Resolving the data debacle in commercial property. Are property practitioners in opaque markets ready for data sharing and assemblage

Date03 April 2018
Publication Date03 April 2018
AuthorDaramola Thompson Olapade,Abel Olaleye
SubjectProperty management & built environment,Real estate & property,Property valuation & finance
Resolving the data debacle in
commercial property
Are property practitioners in opaque markets
ready for data sharing and assemblage
Daramola Thompson Olapade and Abel Olaleye
Department of Estate Management, Obafemi Awolowo University, Ile-Ife, Nigeria
Purpose With a focus on Lagos, Nigeria property market, the purpose of this paper is to examine the
willingness of property practitioners towards property data sharing and assemblage with a view to
improving accessibility to commercial property data in Nigerian property market.
Design/methodology/approach Primary data were sourced through the use of questionnaire
administered on property practitioners (referred as estate surveying and valuation (ESV) firms) in Lagos
property market. In total, 190 ESV firms were selected using stratified random sampling based on their
geographicallocation, frequencydistribution, percentage,and cross-tabulationwere employed for dataanalysis.
Findings The results showed that majority of the practitioners (68.1 per cent) were willing to share
property data among themselves while 52.6 per cent of the practitioners were in support of data assemblage.
The result also revealed the higher the experience of the practitioners, the more they are averse to data
sharing. It was also revealed that the bigger firm are more averse to data assemblage than the smaller firms.
Meanwhile, majority of the practitioners (93.3 per cent) were in support of creation of a central database.
Practical implications The study concluded that without the willingness of practitioners to support data
assemblage, the data debacle in property market might not be resolved.
Originality/value The paper is an attempt towards the possibility of creating database of concluded
transactions, which will improve accessibility to property data in opaque property market.
Keywords Nigeria, Valuation, Commercial property, Data debacle, Opaque market, Property data
Paper type Research paper
Property data are the driving force that fuel valuation and property investment analysis and
are therefore regarded as the holy grailof valuation profession. This is because property
data in form of comparable evidence are the valuers main source of valuation data. It is
through the timely availability of property data that valuers will have at their disposal
necessary market referencing for preparation of objective valuation report. The accuracy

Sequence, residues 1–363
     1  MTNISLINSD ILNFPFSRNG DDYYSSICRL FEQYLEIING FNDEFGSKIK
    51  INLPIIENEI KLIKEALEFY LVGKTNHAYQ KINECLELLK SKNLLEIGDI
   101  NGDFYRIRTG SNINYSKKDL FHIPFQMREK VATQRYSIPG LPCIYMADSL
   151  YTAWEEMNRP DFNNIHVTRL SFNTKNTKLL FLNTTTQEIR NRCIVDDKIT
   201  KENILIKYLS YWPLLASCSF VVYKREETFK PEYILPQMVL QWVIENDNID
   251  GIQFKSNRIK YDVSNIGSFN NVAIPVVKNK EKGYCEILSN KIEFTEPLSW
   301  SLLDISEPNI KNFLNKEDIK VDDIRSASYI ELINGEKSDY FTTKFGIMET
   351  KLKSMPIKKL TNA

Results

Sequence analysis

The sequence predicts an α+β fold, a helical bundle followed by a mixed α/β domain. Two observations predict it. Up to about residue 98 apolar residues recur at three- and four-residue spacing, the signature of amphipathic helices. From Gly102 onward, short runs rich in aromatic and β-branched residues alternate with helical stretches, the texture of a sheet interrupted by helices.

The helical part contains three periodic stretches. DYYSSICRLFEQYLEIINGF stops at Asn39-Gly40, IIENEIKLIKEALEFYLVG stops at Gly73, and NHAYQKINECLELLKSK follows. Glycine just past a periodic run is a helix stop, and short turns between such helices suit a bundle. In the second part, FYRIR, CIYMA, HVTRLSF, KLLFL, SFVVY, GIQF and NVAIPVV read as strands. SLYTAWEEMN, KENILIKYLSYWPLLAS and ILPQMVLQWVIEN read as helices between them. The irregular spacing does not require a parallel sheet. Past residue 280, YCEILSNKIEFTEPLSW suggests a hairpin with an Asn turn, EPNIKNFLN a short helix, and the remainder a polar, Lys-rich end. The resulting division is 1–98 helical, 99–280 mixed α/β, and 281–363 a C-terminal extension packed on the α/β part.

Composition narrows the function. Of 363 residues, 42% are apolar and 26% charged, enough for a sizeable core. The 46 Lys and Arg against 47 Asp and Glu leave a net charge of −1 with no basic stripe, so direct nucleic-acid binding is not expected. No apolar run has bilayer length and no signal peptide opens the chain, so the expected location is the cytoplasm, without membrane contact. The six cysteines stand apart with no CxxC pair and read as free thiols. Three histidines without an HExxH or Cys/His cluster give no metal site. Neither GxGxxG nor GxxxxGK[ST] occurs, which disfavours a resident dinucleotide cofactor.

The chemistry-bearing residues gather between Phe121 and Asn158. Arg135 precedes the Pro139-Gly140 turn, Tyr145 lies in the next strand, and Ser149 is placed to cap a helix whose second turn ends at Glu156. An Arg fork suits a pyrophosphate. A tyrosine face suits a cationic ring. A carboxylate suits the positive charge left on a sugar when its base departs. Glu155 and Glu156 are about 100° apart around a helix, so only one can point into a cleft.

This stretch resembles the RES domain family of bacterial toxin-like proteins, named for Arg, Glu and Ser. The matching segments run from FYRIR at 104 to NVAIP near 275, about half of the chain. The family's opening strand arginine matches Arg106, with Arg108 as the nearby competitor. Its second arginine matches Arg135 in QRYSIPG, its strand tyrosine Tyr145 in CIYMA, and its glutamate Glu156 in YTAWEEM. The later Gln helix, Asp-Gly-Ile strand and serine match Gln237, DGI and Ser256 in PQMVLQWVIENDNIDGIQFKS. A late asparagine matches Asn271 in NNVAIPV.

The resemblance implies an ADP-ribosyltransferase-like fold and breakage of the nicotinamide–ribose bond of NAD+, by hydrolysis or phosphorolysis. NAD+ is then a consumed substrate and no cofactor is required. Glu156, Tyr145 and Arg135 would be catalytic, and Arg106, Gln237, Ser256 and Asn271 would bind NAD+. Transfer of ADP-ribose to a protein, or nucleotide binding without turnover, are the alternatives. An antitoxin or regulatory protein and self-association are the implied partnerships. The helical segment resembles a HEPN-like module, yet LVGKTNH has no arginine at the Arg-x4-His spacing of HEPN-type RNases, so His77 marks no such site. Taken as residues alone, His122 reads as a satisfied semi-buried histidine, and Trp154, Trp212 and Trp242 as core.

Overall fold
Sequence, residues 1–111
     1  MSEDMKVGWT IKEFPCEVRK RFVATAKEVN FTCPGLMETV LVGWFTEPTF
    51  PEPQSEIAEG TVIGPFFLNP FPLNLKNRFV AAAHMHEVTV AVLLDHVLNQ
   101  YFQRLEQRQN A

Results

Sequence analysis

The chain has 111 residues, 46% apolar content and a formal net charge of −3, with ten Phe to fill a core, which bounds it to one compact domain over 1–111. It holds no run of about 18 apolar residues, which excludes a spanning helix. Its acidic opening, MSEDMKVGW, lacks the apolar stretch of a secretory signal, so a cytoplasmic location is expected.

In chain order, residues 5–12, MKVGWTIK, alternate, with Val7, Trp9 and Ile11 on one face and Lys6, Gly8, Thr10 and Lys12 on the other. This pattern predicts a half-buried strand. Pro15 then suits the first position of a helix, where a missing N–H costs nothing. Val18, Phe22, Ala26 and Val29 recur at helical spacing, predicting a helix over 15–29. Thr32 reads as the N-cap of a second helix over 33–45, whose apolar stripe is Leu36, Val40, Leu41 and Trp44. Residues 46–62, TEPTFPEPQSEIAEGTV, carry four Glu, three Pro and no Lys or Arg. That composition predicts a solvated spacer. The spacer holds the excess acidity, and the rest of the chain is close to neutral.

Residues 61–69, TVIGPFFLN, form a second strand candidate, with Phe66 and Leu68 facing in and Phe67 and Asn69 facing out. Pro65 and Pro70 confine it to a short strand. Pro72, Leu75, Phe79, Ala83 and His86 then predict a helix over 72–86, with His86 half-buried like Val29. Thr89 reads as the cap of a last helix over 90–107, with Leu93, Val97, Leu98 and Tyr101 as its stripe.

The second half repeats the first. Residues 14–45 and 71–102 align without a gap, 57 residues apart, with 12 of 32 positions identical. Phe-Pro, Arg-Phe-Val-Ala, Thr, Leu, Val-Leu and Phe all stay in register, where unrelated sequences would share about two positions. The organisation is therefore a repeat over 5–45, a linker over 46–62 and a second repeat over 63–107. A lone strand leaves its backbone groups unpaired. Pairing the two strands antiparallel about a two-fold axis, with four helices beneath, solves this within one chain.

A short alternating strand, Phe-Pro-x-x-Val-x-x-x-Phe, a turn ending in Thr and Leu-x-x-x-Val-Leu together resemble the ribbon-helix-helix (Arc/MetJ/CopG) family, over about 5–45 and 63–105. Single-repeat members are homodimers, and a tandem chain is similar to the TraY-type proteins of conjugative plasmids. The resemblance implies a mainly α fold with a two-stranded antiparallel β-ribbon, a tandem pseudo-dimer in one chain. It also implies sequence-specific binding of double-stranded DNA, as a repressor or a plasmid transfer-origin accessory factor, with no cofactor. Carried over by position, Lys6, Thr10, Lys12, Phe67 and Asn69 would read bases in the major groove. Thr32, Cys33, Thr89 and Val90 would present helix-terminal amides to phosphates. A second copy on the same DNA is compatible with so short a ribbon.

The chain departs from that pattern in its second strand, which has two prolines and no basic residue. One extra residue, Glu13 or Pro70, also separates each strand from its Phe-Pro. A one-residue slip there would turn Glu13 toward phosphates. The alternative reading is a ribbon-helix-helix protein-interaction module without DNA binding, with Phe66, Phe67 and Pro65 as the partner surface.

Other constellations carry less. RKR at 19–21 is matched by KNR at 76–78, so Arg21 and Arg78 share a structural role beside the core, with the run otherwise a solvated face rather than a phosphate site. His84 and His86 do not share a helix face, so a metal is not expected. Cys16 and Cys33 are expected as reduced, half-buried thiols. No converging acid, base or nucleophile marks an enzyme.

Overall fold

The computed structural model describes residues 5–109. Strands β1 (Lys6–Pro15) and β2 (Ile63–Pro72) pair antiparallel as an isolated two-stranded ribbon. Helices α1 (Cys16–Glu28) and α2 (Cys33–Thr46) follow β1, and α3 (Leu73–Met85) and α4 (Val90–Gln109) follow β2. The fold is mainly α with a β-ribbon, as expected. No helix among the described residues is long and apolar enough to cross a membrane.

and reliability of valuation report, therefore, depends on the availability of property data
(Aluko, 2004; Berloco and Spremulli, 2013; Deveikis et al., 2013). Where the supply of
objectives comparable data is poor or the evidence is incomplete, the valuer is forced to
apply subjectivity which increases the scope of error and could lead to negligence valuation
(Rowley, 1998). Property data are therefore indispensable for good property advice (Smith
and Wyatt, 1996). Apart from the valuation, property data are also germane to the operation
of the property market. This is because the availability of information enhances market
efficiency and reduces uncertainty in the market (Adair et al., 1998). Similarly, the
availability of property data is a key factor in the maturity level classification of property
market which, on the other hand, is one of the influential factors affecting the
competitiveness of a country in the global arena (Cohen and Galinienė, 2014).
Regardless of the usefulness of property data, they are not easily accessible. For instance,
property data such as sales price, lease terms, and any other agreements that are part of a
transaction are usually not available to those who are not parties to the transaction (Fisher
and Martin, 2007), except such are made available to the public. Even in markets where
publicised price indices are available, the index may represent only a subset of the total
Journal of Property Investment &
Vol. 36 No. 3, 2018
pp. 295-304
© Emerald PublishingLimited
DOI 10.1108/JPIF-07-2017-0054
Received 28 July 2017
Revised 16 November 2017
Accepted 16 November 2017
The current issue and full text archive of this journal is available on Emerald Insight at:
Resolving the
data debacle in

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